British Museum, London – Piranesi Drawings: visions of antiquity

This year is the 300th birthday of artist Giovanni Battista Piranesi (4 October 1720 – 9 November 1778), who was born in Treviso in the Republic of Venice and was brought up in Rome.

Basilica San Marco, Venice

His father worked as a stonemason – but Piranesi moved to Rome in 1740 to work as a draughtsman. He was able to live at Palazzo Venezia in Rome as draughtsman to the Venetian ambassador to Pope Benedict XIV.  The palazzo is situated in Piazza Venezia, adjacent to the Vittorio Emanuele II Monument, in the heart of Rome.

He is generally known simply as Piranesi – and as a Neoclassical printmaker.

Palazzo Venezia, Rome (Image by Corti, Wikipedia)

He is also known for his etchings of Roman architecture and the interiors of prisons – some real, some imagined.  He also produced drawings of the ruins of Pompeii, which were discovered in 1748.

Piranesi opened a workshop on Via del Corso – the main thoroughfare that leads from Piazza Venezia to Piazza di Spagna – but he also visited Venice and fellow artists there from time to time.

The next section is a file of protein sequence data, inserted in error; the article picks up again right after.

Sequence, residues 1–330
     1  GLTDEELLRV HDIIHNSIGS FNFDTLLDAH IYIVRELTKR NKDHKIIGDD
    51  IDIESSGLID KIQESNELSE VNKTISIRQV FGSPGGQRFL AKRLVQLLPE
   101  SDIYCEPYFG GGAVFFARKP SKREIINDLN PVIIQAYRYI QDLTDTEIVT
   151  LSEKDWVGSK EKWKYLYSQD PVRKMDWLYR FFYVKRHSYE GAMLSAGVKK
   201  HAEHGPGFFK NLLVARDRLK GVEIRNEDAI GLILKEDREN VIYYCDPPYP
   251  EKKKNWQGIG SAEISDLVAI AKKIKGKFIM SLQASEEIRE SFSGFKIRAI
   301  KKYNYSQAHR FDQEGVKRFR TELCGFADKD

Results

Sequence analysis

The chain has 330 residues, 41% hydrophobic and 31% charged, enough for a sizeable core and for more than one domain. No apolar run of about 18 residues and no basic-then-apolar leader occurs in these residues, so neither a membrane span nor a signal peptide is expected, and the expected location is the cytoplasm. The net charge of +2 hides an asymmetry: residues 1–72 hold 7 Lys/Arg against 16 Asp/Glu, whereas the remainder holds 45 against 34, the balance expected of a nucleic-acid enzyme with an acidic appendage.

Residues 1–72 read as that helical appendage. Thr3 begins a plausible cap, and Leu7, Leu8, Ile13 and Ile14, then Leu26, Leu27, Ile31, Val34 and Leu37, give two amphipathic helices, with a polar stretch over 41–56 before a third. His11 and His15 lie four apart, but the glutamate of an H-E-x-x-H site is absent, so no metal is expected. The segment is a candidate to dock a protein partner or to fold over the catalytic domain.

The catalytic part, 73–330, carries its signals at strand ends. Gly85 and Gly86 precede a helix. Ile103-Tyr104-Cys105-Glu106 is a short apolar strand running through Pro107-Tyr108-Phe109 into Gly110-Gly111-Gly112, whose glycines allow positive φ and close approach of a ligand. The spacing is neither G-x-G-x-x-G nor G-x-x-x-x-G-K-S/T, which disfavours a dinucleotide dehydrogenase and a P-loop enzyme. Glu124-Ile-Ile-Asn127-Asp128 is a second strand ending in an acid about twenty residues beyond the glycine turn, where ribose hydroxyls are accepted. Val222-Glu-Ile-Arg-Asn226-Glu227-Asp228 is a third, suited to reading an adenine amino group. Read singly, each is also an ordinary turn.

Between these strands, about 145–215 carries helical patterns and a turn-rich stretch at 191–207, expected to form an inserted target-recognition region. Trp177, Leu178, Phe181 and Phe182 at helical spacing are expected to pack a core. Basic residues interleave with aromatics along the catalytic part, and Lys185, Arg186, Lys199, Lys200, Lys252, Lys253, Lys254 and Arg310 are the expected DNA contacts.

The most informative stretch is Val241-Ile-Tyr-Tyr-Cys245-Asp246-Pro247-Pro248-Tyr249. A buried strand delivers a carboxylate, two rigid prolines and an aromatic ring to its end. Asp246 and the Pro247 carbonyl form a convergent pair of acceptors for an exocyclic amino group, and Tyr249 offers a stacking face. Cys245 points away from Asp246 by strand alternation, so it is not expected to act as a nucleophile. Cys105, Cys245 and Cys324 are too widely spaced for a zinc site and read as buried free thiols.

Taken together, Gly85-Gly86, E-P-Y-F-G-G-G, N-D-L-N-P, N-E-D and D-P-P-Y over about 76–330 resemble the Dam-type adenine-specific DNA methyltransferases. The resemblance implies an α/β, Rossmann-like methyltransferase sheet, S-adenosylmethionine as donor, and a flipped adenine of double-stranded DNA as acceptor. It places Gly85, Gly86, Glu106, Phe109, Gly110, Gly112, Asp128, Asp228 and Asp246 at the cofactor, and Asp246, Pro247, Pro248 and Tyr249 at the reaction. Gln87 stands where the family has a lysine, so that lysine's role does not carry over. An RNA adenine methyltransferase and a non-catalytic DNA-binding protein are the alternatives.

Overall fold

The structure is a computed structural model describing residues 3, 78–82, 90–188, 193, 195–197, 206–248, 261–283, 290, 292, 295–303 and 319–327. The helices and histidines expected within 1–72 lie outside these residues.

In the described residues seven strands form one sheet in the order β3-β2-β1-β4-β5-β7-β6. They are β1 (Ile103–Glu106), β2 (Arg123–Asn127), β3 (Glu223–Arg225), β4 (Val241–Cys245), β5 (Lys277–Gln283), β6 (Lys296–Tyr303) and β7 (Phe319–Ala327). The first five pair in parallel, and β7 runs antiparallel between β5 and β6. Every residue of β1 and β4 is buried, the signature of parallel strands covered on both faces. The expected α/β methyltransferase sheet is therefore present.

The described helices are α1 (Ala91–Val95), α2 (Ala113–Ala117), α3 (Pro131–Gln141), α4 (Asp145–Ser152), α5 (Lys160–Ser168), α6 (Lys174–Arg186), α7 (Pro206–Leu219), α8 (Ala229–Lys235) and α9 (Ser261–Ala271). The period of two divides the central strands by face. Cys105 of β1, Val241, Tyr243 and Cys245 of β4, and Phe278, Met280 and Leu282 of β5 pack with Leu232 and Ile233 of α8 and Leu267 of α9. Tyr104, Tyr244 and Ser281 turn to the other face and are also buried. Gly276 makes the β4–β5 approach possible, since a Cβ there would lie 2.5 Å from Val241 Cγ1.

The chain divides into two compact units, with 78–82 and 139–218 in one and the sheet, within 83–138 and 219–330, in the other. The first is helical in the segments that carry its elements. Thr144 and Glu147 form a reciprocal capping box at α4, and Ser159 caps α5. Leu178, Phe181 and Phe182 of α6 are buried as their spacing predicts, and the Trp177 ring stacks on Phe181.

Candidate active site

To celebrate his 300th – and who wouldn’t want to mark such a milestone birthday? – the British Museum in London is throwing open a gallery full of his etchings in pen and chalk.

The exhibition Piranesi Drawings: visions of antiquity is free and runs from 20 February – 9 August 2020 in Room 90.

The museum’s opening hours are:

Daily: 10.00–17.30
Fridays: 10.00–20.30

More information about the exhibition Piranesi Drawings: visions of antiquity is available at the British Museum website

Buon viaggio!


The British Museum

Great Russell Street
London WC1B 3DG


Piranesi Colosseum
Featured image: The Colosseum, Rome 1757, By Giovanni Battista Piranesi – R.S. Johnson fine art, Public Domain, Wikipedia
The Colosseum from the Temple of Venus (Image A. Meredith 2018)



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